For example, when I first started teaching Science of Superheroes, I was interviewed by various reporters. The interview always started out with questions along the lines of “Why would UCI have such a non-academic course?” Once I explained the content and work the students had to do, this generally changed to comments on how hard the course was and that it was in fact academic. It became clear that because the title was fun, people assumed the work was not academic. This was not the only example of my career where work was initially judged by titles. And, looking back, I think the fact that I am part of the majority that typically sets the acceptable standards made it easier to get my fun titles and subjects of study accepted as academic.

Thinking about all the activities we ask students in our classes to do, there are many chances to conflate presentation with standards. Students write papers, give presentations, present solutions to problems, and choose media to analyze and critique. All of these have elements that can be viewed as not serious, unprofessional, or non-academic when in most cases, students are simply approaching the topic from a different perspective. It is not necessarily the perspective that creates the academic standard, but the level and nature of the work that is done.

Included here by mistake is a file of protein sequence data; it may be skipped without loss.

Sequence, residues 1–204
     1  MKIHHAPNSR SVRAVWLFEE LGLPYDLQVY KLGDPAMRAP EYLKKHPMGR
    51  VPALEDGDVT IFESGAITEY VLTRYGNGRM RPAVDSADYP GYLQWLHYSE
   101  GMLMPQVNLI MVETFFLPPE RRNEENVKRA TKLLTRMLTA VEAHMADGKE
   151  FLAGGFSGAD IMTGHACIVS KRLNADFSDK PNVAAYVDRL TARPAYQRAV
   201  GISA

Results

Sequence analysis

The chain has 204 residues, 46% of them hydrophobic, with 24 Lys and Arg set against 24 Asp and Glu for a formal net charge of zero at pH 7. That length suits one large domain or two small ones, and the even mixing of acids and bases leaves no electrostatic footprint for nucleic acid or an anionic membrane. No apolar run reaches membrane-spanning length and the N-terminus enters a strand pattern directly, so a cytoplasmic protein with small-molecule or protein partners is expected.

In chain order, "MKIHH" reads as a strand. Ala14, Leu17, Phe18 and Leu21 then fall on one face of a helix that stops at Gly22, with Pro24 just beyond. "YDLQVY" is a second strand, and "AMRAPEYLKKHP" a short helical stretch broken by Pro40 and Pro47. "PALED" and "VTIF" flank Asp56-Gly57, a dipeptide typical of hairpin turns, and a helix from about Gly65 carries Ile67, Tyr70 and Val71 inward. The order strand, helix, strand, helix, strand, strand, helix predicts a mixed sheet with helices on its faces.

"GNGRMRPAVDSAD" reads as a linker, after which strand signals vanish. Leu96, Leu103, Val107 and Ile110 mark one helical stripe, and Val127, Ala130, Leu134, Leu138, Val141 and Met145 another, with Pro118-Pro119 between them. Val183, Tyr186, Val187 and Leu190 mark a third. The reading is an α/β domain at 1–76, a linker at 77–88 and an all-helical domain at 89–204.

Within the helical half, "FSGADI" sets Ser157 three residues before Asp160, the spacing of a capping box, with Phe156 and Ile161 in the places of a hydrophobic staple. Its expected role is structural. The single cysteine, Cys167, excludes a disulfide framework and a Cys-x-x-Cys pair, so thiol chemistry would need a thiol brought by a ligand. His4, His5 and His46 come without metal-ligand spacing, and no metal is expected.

And it is not just students that are impacted by the confusion of presentation and content. It’s well-documented that students’ implicit biases affect their evaluation of instructors and that students judge instructors based on external factors that are fundamentally irrelevant. So it’s essential that we all work to address the conflation of presentation and standards.

As instructors, we are once again faced with a challenge of intentionality and time. We need to find the time to intentionally reflect on the aspects of the classroom, grading, etc. that are truly just presentation norms and not academic standards so that we can make critically needed changes. A simple way to start is by evaluating the feedback you offer  to students. The next time you are providing advice to students on how they look or sound, ask yourself why you are doing so and if the norms you are trying to encourage them to project are truly necessary or simply an evolving preference. 

I acknowledge that recognizing and addressing the conflation of “presentation norms” with “standards” is not an easy exercise, as it sometimes requires challenging conversations over potentially cherished ideas. However, this work is essential, and thinking about the impact our current system has on our students illustrates what’s at stake. While some students have already mastered the balance between adhering to presentation norms when needed and celebrating their culture and individuality, this isn’t true for every student, and we cannot expect this from everyone. Many of our students have not had to deal with this until now, and we risk driving them away if we can not support them in appropriate ways. It’s important that we keep this in mind as we work to change our norms and expectations.

As a final thought: if you still doubt that “presentation norms” exist and change over time, all you really need to do is reflect on how many faculty at UCI are teaching in suits, jackets and ties, or formal academic robes. If we trace the acceptable dress for faculty through history, it’s clear that presentation norms can change without sacrifice to core academic standards. Let’s take comfort in that and move forward with the changes that are needed now!